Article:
Obviously the maturity to be able to say no is part of education and training. To say it gives you a false sense of security is in and of itself false. Any student of the flakes worth their ass knows their life is on the line and their ability to weigh concerns, see hidden dangers and factor in their familiarity with the terrain to come to an EDUCATED decision is the number one thing they can have with them. Not only that, I've never heard someone NOT act on the side of caution if there's any question once they know what's up.
To use another analogy, most car accidents happen within 2 miles of your house because familiarity and nonchalance spawns carelessness and that leads to mistakes. Jesus man, sorry if I'm getting amped up but I get fkn shook when I hear people downplaying the importance of being taught the proper knowledge to be able to judge what it is you're seeing to people asking about snow safety. Nobody wants to hear somebody died, so I say yes- training is first and foremost and the ability to discern a course of action as a result of the consideration of these factors can only come after that. Fuck familiarity, fuck your friends and their pseudo "it's worked so far" knowledge, fuck guessing and fuck an uneducated guess. Just my .02- call me an asshole for it, I don't care. Don't tell someone else that since it worked for you so far, it's cool for them too because it's not and that's all I'm getting at. To tell people to just stay out of steep terrain because it could be dangerous isn't doing anyone any favors either. It's more like sticking your head in the sand.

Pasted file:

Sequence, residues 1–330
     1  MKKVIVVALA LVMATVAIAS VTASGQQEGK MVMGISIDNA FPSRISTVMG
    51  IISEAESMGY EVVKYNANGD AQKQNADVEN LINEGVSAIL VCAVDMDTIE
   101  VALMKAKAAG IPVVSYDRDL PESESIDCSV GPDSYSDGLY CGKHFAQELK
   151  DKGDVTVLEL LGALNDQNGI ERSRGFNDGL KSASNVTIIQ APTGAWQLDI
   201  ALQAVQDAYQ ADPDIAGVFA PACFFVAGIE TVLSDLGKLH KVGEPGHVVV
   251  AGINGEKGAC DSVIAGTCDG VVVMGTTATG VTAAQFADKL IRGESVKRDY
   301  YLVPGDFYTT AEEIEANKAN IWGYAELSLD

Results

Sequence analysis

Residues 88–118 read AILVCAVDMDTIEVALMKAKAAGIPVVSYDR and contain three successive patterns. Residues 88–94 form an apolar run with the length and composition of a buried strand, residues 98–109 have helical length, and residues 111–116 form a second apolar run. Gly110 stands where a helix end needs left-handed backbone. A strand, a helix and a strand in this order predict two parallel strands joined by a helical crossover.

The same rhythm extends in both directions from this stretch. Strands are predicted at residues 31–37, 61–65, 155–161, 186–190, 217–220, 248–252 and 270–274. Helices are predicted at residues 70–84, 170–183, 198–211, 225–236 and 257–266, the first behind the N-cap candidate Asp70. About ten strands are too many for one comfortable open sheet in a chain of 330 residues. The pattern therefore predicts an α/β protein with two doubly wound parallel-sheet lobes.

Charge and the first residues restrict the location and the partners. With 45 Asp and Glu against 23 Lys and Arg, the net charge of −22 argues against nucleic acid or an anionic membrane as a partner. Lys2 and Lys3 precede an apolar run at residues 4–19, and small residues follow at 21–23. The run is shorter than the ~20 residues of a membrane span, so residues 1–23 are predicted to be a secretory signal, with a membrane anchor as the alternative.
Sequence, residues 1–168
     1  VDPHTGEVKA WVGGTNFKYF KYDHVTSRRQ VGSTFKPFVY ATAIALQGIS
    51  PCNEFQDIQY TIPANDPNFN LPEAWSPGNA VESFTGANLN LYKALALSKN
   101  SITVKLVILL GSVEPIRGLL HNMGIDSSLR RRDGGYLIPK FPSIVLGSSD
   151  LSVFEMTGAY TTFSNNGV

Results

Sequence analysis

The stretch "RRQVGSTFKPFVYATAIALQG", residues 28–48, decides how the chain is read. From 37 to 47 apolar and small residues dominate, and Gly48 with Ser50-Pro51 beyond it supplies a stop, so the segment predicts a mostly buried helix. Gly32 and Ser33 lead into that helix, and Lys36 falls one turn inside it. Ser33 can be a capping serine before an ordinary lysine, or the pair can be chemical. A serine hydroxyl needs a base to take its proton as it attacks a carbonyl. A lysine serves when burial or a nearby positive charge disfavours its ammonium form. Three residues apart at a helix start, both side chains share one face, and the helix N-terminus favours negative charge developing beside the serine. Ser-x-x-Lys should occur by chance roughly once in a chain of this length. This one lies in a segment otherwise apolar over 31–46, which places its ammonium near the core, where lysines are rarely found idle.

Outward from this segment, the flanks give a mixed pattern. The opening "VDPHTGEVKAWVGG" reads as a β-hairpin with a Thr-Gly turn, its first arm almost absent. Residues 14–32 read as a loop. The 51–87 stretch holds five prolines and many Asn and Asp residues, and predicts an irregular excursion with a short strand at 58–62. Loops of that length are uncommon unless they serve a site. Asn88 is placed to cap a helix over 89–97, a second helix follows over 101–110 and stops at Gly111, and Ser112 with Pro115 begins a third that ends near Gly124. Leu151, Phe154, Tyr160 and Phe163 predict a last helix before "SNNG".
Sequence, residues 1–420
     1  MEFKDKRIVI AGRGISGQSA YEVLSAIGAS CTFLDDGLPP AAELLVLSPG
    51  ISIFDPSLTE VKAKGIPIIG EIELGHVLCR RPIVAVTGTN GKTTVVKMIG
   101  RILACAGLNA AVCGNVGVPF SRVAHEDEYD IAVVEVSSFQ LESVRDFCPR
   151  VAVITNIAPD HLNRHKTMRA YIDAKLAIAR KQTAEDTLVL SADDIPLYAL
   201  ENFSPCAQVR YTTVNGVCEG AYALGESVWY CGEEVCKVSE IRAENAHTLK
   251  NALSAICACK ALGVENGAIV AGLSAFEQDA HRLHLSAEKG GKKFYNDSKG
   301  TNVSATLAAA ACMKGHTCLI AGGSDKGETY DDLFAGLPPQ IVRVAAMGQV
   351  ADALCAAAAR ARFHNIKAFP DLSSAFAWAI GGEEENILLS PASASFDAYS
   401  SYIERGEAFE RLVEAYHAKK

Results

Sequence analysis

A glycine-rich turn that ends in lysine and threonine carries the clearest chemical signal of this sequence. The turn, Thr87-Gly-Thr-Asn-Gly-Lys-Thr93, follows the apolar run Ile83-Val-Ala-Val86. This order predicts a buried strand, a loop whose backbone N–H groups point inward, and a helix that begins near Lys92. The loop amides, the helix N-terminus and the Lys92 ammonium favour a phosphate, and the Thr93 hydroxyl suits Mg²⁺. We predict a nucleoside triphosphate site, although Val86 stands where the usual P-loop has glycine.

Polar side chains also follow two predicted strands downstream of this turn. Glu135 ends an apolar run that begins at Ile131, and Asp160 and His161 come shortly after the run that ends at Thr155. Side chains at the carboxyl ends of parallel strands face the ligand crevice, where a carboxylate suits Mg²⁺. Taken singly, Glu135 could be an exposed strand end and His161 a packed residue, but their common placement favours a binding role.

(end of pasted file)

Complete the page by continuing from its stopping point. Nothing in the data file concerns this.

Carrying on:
based on my knowledge, you should just stay home as that shit looks sort of dangerous ;)
Wow you're totally right, this works great! Fuck, I'mma cancel all future avi courses...
Jesus H Christ.
I'll try to use little words so it can sink in...
Nobody who has ever been taught properly would ever think that. This is what Im getting at. This is what you aren't getting. This is why I'm making fun of you. You're making assumptions that your personal experience-based judgement is more valuable than decades of snow research, hence my firey responses.
See, we are in agreement that knowing when to walk away is most important, but how can you expect to make the right decision consistently if you don't have the tools to know what you're seeing? This is my main issue with your position and I wish you'd admit it's a fucking terrible way to make a call.
Also that pic you posted makes me wish I could physically beat some sense into you. Never been in a dangerous place on that mountain? That sounds more like ignorance to me than anything. I really wish you the best but honestly I'm sort of worried about you now :(
Right here you implied that being a mountain guide is as safe as being a clueless asswipe.
This is where I lost it in case you were wondering.
I fucking give up.
If anyone is trying to bake a disaster cake in the Alps, this would be a great recipe.